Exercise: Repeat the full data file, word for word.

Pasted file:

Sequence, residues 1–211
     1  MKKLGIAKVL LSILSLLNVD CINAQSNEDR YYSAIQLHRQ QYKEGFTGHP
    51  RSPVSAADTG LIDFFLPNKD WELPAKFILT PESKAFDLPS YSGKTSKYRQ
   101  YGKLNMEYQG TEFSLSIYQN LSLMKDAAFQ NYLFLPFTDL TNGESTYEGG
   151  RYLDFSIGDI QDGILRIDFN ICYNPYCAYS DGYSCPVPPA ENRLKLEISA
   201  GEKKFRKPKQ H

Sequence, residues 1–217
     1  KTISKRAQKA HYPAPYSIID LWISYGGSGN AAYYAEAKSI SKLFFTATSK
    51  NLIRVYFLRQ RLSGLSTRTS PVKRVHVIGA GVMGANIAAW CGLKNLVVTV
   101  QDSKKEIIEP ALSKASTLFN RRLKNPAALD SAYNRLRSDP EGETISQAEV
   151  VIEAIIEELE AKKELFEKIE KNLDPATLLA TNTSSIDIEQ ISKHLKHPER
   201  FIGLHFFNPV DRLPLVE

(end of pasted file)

Sequence, residues 1–211
     1  MKKLGIAKVL LSILSLLNVD CINAQSNEDR YYSAIQLHRQ QYKEGFTGHP
    51  RSPVSAADTG LIDFFLPNKD WELPAKFILT PESKAFDLPS YSGKTSKYRQ
   101  YGKLNMEYQG TEFSLSIYQN LSLMKDAAFQ NYLFLPFTDL TNGESTYEGG
   151  RYLDFSIGDI QDGILRIDFN ICYNPYCAYS DGYSCPVPPA ENRLKLEISA
   201  GEKKFRKPKQ H

Sequence, residues 1–217
     1  KTISKRAQKA HYPAPYSIID LWISYGGSGN AAYYAEAKSI SKLFFTATSK
    51  NLIRVYFLRQ RLSGLSTRTS PVKRVHVIGA GVMGANIAAW CGLKNLVVTV
   101  QDSKKEIIEP ALSKASTLFN RRLKNPAALD SAYNRLRSDP EGETISQAEV
   151  VIEAIIEELE AKKELFEKIE KNLDPATLLA TNTSSIDIEQ ISKHLKHPER
   201  FIGLHFFNPV DRLPLVE